* Upward Bound is one of several so-called “TRIO Programs” that seek to help low-income, minority and/or first generation students complete post-secondary education. It’s been around for about 30 years, and (shameless plug here) yes, Seliger + Associates has written a number of funded TRIO grants with stunningly complex evaluation sections.

Why Do People Give to Nonprofits and Charities? And Other Unanswerable Questions

This month’s Giving Carnival—discussed here previously—asks why people give and what motivates giving. I have no idea and suspect no one else does, either, but that’s not reason not to speculate. I assume that some combination of altruism, kindness, self-interest, pride, and noblesse oblige motives giving. Slate talks about the “immeasurable value of philanthropy” here:

But the core of [Lewis Hyde’s] insights are about the connections between donors and recipients and about how successful gifts continue to give, in, yes, a circle, from the direct recipients to others to whom they pass a gift along (in one form or another) and back to the donors. While a gift can have market value, its worth is often—and more importantly—psychological and social. Even when its impact isn’t immediate, it’s likely to be what Hyde calls “a companion to transformation.”

I’m not sure that has anything to do with anything. Later, however, the article ties into issues raised by posts about evaluations and their limitations:

As philanthropic organizations become more attentive to businesslike standards—how effective are nonprofits? What is a particular donation likely to accomplish?—they increasingly use the language of finance to describe their goals.

I can buy the dominant narrative in the press about philanthropy becoming more businesslike, but I doubt this tendency over the long run because of the incredible difficulty in measuring output without dollars that can be added up toward a bottom line. Still, this Slate article is actually worth reading even if it strays outside the context of the question discussed here because it raises the right issues, although I’m not sure the reporter fully grasps the issue of measurement. This issue ties back into what motivates giving because part of what motivates giving is probably effectiveness—meaning, is what I’m giving actually doing someone some good? Some recent books, like The Bottom Billion: Why the Poorest Countries are Failing and What Can Be Done About It and The White Man’s Burden: Why the West’s Efforts to Aid the Rest Have Done So Much Ill and So Little Good argue that much Western aid has been wasted because it’s ineffective, which might lessen the desire to give aid. Consequently, I do think “effectiveness,” or the belief that giving helps someone aside from the giver, who gets a warm and fuzzy glow, at least in part motives ate.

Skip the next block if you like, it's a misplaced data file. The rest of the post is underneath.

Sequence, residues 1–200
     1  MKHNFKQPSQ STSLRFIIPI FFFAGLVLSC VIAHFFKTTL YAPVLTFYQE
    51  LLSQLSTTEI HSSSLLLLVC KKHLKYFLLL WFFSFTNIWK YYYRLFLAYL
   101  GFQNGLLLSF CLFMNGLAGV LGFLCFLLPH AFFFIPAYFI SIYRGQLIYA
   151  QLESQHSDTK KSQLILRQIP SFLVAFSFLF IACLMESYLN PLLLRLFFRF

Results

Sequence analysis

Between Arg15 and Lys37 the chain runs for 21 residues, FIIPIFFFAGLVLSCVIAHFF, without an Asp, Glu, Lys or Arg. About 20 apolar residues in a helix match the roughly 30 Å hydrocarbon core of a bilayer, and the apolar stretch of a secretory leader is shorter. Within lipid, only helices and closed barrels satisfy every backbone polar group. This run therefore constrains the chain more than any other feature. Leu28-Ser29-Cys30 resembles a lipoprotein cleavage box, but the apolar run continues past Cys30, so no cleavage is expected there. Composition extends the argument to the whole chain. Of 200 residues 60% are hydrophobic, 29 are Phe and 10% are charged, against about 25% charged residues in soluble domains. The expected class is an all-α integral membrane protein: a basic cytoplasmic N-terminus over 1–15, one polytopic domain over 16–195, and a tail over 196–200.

I say “lessen” and “effectiveness” above, but I also think the desire to help others is intrinsic, like the desire for self-improvement. But just as there is an element of randomness in who gets funded, there seems to be a stronger one in the question of why people give.

More on Charities

A previous post linked to a Wall Street Journal post on charities; now the paper released a full article (may not be accessible to non-subscribers) on the subject of how donors evaluate the usefulness of a program, arguing that donors are becoming more engaged in measurement. One thing missing: statistics showing this is actually part of a trend, rather than just a collection of anecdotes. The article is more descriptive of the practices around how to evaluate effectiveness and uses hedge words: